Health professionals can now get on-the-spot access to expert opinion, guidelines and the latest evidence with the launch of Best Practice, from the internationally renowned BMJ Evidence Centre.
Best Practice is a new on-line decision support tool designed to help practitioners, patients, students and researchers find the best medical information and use it in the most effective way.
It brings together the latest evidence, peer-reviewed expert opinion, and guidelines on over 10,000 different diagnoses. Its easy-to-use design fits information around existing workflows - enabling clinicians, nurses and pharmacists to make the best decisions for their patients, every time.
Built specifically for point-of-care use, it will help meet the real, diverse and evolving information challenges that health professionals face every day.
Best Practice also features seamless integration with drug formularies (BNF and Martindale), patient information, the potential for links to electronic health records and the ability to add local guidelines and links. But, unlike existing online textbooks, Best Practice re-shapes this complex information into bite-size chunks that are more easily navigated - crucial when applying evidence effectively in pressurised healthcare environments.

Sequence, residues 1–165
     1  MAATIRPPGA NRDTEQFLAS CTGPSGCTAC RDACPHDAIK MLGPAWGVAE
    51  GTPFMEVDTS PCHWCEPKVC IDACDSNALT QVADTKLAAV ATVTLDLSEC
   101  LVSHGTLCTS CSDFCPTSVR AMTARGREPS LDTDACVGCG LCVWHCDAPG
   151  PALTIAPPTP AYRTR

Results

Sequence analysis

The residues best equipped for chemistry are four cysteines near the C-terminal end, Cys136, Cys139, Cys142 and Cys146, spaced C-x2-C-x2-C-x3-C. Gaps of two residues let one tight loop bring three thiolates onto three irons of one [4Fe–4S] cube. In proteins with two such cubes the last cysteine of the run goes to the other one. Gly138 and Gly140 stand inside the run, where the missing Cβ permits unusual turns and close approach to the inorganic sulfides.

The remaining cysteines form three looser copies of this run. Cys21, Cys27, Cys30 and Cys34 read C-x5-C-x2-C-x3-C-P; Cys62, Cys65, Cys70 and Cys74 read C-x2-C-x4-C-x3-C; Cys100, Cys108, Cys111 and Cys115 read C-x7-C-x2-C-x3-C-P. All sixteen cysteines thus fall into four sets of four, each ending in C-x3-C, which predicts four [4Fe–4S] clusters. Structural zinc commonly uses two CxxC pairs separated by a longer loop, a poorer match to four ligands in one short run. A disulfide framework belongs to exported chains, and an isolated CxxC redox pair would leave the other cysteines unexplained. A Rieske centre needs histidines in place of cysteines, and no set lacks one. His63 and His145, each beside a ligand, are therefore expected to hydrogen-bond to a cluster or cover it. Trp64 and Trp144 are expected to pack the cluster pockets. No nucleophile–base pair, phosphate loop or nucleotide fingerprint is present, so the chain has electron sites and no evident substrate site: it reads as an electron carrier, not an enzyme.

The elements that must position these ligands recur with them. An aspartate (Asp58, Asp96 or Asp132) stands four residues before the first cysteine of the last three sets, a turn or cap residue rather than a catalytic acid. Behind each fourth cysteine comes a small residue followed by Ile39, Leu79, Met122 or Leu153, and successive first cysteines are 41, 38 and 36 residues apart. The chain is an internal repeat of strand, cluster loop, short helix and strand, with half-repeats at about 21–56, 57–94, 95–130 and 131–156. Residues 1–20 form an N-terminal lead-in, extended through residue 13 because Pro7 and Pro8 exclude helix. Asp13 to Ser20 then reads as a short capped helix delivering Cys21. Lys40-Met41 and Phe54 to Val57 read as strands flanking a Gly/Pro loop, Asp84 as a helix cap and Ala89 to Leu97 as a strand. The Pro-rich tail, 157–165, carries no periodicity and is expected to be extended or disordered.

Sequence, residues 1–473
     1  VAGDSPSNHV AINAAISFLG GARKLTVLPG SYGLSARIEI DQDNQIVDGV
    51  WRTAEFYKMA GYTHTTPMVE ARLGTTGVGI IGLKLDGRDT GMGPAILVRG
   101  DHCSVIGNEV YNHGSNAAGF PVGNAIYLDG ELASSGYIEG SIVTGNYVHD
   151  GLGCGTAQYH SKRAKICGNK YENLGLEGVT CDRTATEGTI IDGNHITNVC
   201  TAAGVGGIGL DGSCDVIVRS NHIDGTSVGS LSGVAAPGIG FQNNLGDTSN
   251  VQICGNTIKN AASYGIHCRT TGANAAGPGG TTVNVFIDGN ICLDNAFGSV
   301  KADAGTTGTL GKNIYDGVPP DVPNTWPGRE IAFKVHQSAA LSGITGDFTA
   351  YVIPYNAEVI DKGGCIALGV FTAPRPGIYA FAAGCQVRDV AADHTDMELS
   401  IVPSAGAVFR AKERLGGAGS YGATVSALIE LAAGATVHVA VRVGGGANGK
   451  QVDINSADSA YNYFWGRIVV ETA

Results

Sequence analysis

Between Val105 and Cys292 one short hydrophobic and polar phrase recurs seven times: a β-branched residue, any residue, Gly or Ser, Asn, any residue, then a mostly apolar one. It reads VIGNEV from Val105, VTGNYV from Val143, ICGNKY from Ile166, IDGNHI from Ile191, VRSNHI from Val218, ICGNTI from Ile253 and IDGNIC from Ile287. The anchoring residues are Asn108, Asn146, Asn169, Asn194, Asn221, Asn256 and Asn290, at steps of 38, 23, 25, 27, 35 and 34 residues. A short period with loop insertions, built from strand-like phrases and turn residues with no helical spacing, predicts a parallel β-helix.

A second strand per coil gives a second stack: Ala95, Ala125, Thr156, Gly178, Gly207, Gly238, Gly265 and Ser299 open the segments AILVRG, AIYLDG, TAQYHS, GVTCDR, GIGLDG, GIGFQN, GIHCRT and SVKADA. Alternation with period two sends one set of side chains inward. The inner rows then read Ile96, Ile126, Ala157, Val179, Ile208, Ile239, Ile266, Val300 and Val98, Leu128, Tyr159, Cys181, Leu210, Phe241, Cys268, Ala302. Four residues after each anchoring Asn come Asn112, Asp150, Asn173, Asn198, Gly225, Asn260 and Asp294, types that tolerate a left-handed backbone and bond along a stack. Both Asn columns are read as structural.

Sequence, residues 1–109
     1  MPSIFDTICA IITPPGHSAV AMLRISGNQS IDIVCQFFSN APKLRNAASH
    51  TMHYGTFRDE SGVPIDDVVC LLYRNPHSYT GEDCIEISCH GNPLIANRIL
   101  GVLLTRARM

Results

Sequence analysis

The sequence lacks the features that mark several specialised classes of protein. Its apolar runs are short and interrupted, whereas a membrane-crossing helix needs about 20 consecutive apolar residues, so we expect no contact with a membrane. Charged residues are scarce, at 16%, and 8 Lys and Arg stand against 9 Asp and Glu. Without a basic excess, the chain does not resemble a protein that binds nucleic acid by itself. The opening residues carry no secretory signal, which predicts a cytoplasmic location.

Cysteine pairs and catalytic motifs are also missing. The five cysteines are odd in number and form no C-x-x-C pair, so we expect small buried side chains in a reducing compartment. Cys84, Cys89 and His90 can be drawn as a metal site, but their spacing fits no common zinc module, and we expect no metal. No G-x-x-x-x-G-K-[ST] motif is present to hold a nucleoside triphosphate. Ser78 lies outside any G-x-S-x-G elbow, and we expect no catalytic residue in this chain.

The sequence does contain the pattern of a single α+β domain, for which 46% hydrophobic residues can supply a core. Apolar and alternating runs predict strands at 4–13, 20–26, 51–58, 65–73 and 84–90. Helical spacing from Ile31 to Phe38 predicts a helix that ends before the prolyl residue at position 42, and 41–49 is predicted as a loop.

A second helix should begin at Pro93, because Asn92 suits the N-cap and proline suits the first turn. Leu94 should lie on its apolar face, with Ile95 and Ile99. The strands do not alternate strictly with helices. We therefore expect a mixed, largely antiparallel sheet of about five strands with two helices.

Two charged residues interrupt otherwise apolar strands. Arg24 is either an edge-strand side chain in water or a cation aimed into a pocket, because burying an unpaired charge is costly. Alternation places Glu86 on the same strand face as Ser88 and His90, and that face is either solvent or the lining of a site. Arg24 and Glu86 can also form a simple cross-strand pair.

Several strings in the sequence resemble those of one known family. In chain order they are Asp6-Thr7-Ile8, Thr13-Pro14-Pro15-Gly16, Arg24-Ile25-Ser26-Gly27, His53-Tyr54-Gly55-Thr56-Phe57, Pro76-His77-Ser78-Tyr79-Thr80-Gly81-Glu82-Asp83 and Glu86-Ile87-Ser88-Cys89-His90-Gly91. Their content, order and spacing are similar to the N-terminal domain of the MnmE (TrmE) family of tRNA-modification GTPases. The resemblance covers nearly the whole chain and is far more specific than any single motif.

Key features include:
- All content written and peer reviewed by internationally renown specialists
- Coverage of 10,000 diagnoses in 2009
- Information structured around the patient consultation
- Advice on symptom evaluation, test ordering and treatment strategies
- Critical prescribing information, guideline summaries and expert opinion
- 192 patient support leaflets
"Time is a key challenge to delivering evidence-based health care," says Dr Charles Young, Best Practice Editor in Chief. "For a busy clinician, finding reliable information to answer important clinical questions is usually difficult, and always time consuming.
Best Practice meets this challenge head on. It provides clinicians with trustworthy information, anticipates their questions and delivers quick answers - essential in the short time they have to make diagnosis or treatment decisions, and to explain them to their patients. Essentially, it provides a reliable second opinion in an instant."
Dr Hamish Meldrum, Chairman of Council at the British Medical Association said: "I welcome this important advance in point-of-care decision support from the BMJ Group. Doctors are keen to ensure that their work is linked as firmly as possible to the latest and most reliable evidence. Best Practice allows them to do this in an instant, without the need for checking multiple resources, making it easier for clinicians and patients to make informed treatment decisions together."
Best Practice is at: http://bestpractice.bmj.com/